Jan Prinsen, BFFI:

“Retailers should have more respect for seasons”

The way fruits and vegetables are presented abroad is often more beautiful than in Belgium. Abroad, they play with colours, and use far less EPS in favour of wooden packaging in the displays. Especially in France they often use wooden crates. Besides, they often pay attention to seasonal products. “Clever displays,” Jan Prinsen says of the displays during his presentation at the fresh conference, organised by Storecheck.

Jan Prinsen of the Belgian Fresh Food Institute often visits supermarkets and markets abroad. He notices that displays look different there. “They also use packaging less, and have fewer references per article, making it easier to choose for consumers.”



Organic
Prinsen sees an increase in organic products. “In the Netherlands you have the Ekoplaza, a beautiful shop carrying only organic products. German Temma, which is part of REWE, is also completely organic. French wholesaler’s market Rungis also has an organic department nowadays. It strikes me that the quality of organic products is as good and looks as beautiful as conventional fruits and vegetables.”



Seasonal
Prinsen thinks the presentation of seasonal products should be done much more lavishly. “When it comes to, for example, asparagus, presentations could be striking. Besides, there are opportunities to anticipate a consumer’s leisure with peeling machines. Sales of combinations with other products also work. You could help people choose, for example, by displaying the right wine and small potatoes next to the asparagus.”



Locally

Another trend is locally grown produce. “This is more visible in some countries than in others. In the UK, the British flag is shown on packaging of fruits and vegetables. In Germany and France, mentioning the place of origin is also important. Products from certain regions take up an important place in those countries. In Belgium it is far less likely that the region is mentioned on the packaging. A good example of this is the Hoogstraten strawberry. We should be doing more with products from other regions, such as cauliflower from Mechelen. Customers want to know where products come from. A supermarket that does that very well, by the way, is Lidl. They offer many Belgian products, and that is clearly shown in their presentation.”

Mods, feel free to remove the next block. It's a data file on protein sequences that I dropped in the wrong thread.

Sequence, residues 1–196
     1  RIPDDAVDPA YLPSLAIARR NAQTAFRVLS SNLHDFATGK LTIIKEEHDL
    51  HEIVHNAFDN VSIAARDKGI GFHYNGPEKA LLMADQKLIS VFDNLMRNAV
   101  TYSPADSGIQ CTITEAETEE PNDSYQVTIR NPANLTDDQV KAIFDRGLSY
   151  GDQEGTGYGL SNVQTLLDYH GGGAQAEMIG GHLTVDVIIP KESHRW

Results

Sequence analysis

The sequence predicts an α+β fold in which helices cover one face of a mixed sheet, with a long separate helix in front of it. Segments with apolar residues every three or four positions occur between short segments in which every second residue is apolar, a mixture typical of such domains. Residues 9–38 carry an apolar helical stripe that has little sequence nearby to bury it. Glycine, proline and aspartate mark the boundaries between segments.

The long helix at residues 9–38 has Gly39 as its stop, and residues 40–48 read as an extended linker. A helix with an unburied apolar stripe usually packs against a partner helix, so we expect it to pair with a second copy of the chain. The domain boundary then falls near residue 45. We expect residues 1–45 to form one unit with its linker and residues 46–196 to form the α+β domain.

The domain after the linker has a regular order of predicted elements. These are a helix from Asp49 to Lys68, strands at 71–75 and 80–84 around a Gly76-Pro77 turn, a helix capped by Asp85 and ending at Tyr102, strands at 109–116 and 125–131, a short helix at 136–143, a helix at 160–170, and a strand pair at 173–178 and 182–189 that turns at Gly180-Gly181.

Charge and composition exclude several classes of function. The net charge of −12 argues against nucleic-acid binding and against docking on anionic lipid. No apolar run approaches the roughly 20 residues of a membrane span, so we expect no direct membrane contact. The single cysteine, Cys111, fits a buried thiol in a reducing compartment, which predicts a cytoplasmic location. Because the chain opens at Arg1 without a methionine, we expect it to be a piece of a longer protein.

Local products: Germany, left, and France, right

E-commerce
The growth of selling fruits and vegetables online is not yet increasing quickly. “Yet I expect it will take over part of conventional sales.” Research shows that people aren't staying in shops as long. “People want to use the time spent in shops well. Much can actually be gained from having friendly staff.”

Less knowledge
Prinsen thinks the knowledge of fresh produce sellers in supermarkets has declined. “Because the people in the shops often have nothing to do with purchases and have very little background information, they are not as tuned in to the market and the products. tTerefore they can not inform customers properly about seasons or citrus varieties, for example. That could be improved.”


Products with the British flag on the packaging

Private label
Supermarkets are selling more and more products under private label. Prinsen thinks that is a shame. “Because of this, the beautiful brands are disappearing, from fruits and vegetables as well. We should be proud of those brands, and use them for presentation. With an increase of private label products, quality on the shelves will not improve. Our brands are in danger.”


Well-known brands: Flandria, Kira, Aida, Primor, Royal and Orchidea

Quality
Speaking of quality: “Because retailers sometimes start seasons too early or too late, consumers are introduced to products in the wrong way. For example, the Spanish season is often not started at the right time. Products are not even properly ripe then. Retailers should respect our seasons more, and pay better attention to starting and stopping the seasons at the correct time.”


According to Prinsen, tomatoes should be sold in combination with cucumbers and radishes more often

Prinsen’s advice
Prinsen had many more things and advices which he wanted to share. “For example, I often see promotions of fruits and vegetables next to each other. Spread the fresh produce promotions over the department, so that people walk by more products. Besides, products should also be tasted. For example, I once saw sprouts being offered as a snack, very innovative. Wok demonstrations with vegetables are also a good idea. Or you could organise a match around fruits and vegetables.”

For more information:
Jan Prinsen
Belgian Fresh Food Institute
belgian.fresh.food.institute@gmail.com
www.belgianfreshfoodinstitute.be

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